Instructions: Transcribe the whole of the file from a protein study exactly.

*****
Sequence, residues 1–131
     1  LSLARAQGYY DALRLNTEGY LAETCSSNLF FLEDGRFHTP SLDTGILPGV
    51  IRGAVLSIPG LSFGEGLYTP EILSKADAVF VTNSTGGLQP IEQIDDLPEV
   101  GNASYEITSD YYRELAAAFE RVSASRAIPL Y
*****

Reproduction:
Sequence, residues 1–131
     1  LSLARAQGYY DALRLNTEGY LAETCSSNLF FLEDGRFHTP SLDTGILPGV
    51  IRGAVLSIPG LSFGEGLYTP EILSKADAVF VTNSTGGLQP IEQIDDLPEV
   101  GNASYEITSD YYRELAAAFE RVSASRAIPL Y